Costs and Resource Utilization Among Medicaid Patients with Schizophrenia Treated with Paliperidone Palmitate or Oral Atypical Antipsychotics.

Related Articles

Costs and Resource Utilization Among Medicaid Patients with Schizophrenia Treated with Paliperidone Palmitate or Oral Atypical Antipsychotics.

Drugs Real World Outcomes. 2015;2(4):377-385

Authors: Pesa JA, Muser E, Montejano LB, Smith DM, Meyers OI

Abstract
BACKGROUND: Non-adherence to antipsychotic therapy among patients with schizophrenia is a key driver of relapse, which can lead to costly inpatient stays. Long-acting injectables (LAIs) may improve adherence, thus reducing hospitalizations, but inpatient cost reductions need to be balanced against higher drug acquisition costs of LAIs. Real-world evidence is needed to help quantify the economic value of oral atypical antipsychotics compared with LAIs.
OBJECTIVE: The objective of this study was to compare healthcare costs and resource utilization between once-monthly paliperidone palmitate (PP) and oral antipsychotic therapy (OAT) in a population of Medicaid beneficiaries with schizophrenia.
METHODS: A retrospective, observational study was performed using Truven Health MarketScan Medicaid claims data from 2009 to 2012. Marginal structural modeling, a form of weighted repeated measures analysis to control for differences between cohorts and time-varying confounding, was used to estimate monthly costs of care in 2012 US dollars and resource utilization over a 12-month period for patients in each cohort.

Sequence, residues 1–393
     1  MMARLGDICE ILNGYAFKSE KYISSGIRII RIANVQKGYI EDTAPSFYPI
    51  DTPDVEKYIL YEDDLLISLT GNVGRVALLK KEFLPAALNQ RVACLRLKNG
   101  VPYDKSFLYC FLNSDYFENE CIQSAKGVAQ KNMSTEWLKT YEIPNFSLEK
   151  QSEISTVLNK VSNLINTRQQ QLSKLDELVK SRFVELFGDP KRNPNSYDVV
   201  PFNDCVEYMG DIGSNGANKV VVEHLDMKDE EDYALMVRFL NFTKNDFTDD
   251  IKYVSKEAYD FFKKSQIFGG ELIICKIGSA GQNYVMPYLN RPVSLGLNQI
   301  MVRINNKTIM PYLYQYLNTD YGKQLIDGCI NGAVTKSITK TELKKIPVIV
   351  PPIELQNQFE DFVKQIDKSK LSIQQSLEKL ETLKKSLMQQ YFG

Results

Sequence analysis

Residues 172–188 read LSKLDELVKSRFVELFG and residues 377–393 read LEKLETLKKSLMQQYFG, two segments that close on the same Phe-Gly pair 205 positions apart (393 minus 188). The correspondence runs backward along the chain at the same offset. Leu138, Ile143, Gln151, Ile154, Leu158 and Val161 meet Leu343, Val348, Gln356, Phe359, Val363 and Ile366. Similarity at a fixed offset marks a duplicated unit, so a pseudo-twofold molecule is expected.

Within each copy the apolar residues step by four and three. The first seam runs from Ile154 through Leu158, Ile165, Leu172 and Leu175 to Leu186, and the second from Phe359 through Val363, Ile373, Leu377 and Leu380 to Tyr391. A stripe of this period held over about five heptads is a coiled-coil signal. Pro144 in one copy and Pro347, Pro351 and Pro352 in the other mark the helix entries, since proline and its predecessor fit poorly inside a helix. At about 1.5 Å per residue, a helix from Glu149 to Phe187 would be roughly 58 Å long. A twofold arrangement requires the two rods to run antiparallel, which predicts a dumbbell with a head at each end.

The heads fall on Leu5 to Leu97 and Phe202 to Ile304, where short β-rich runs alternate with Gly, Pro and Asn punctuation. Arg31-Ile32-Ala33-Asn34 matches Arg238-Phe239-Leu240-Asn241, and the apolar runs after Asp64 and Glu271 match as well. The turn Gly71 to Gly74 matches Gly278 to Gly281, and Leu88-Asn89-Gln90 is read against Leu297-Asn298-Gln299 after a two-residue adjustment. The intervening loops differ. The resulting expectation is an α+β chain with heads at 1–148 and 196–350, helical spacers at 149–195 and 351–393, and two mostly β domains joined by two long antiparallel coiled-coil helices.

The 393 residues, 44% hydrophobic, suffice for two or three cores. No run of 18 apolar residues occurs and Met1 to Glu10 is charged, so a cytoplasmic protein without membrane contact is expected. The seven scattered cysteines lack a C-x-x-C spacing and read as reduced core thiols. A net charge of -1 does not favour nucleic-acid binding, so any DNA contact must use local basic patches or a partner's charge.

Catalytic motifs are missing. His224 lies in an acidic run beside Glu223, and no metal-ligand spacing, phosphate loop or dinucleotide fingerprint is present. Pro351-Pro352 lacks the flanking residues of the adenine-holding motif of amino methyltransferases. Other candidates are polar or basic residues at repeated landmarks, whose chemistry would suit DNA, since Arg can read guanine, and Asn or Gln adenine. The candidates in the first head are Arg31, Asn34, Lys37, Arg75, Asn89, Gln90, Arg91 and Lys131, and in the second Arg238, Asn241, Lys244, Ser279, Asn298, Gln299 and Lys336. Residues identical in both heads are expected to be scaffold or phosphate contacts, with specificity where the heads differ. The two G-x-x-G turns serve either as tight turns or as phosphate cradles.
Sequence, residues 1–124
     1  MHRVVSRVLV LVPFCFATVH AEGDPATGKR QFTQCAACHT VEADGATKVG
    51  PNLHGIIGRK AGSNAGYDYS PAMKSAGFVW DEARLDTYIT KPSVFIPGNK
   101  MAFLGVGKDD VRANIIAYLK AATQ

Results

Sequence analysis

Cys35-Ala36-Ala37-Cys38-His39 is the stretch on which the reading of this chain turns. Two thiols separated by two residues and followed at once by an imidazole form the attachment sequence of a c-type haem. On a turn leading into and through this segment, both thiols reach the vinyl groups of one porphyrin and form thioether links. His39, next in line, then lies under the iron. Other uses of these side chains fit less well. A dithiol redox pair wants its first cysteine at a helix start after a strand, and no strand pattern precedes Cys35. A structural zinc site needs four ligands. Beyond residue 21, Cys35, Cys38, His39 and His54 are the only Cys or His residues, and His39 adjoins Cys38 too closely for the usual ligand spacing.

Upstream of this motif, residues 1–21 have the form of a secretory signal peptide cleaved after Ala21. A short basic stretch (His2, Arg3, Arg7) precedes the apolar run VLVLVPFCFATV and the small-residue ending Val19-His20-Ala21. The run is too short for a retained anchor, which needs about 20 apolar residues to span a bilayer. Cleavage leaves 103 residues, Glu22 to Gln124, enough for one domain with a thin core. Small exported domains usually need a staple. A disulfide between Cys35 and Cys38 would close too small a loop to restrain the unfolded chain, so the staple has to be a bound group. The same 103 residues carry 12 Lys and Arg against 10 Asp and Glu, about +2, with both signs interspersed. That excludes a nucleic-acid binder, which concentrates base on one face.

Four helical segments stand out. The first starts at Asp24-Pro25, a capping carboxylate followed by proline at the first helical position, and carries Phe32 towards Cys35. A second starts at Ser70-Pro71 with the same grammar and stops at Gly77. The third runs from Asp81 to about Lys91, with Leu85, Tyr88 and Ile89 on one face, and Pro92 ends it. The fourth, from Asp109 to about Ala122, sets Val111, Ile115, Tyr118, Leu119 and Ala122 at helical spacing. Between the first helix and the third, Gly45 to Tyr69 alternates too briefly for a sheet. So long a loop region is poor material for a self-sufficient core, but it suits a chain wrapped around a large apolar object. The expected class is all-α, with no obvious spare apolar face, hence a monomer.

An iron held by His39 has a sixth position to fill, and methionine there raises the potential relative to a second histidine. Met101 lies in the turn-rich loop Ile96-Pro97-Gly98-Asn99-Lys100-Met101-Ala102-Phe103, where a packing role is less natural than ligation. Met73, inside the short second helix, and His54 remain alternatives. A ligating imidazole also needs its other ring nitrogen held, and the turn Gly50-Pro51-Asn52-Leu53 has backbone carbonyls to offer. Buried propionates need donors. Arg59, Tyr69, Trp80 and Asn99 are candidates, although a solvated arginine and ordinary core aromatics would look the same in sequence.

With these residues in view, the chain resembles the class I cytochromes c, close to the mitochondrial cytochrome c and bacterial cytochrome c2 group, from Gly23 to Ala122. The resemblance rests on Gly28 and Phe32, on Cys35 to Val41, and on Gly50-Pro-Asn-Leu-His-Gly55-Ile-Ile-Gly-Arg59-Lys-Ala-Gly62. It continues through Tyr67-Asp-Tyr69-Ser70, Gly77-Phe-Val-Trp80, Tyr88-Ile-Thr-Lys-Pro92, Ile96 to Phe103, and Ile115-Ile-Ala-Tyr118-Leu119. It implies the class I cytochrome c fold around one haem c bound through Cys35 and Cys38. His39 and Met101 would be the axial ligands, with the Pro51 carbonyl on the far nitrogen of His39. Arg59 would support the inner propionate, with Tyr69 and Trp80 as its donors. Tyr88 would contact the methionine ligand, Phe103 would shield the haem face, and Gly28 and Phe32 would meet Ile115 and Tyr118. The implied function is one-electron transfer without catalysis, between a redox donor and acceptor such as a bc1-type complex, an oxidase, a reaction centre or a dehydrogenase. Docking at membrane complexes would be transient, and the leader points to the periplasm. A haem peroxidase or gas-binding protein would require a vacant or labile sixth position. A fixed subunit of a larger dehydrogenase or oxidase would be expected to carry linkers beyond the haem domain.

RESULTS: While per-month mental-health prescription costs were US$1019 higher in the PP cohort, approximately 55 % of this premium was offset by lower inpatient and outpatient care costs, producing a mean monthly total cost differential of US$434 (95 % CI 298-569, p < 0.0001) for all-cause costs and US$463 (95 % CI 374-552, p < 0.0001) for mental-health-related costs. Use of PP also resulted in a 0.44 and 0.47 reduction in the odds of all-cause and mental-health-related hospitalizations and a 0.09 reduction in the odds of all-cause emergency department visits (p < 0.0001, p < 0.0001, and p = 0.0134, respectively) over the 12-month follow-up period.
CONCLUSIONS: Treatment with long-acting injectable antipsychotics, such as PP, may reduce inpatient and outpatient healthcare services utilization and associated costs. These findings also suggest that patients with schizophrenia taking once-monthly PP may stand a lower risk of hospitalization than patients on OAT.

PMID: 26689953 [PubMed - as supplied by publisher]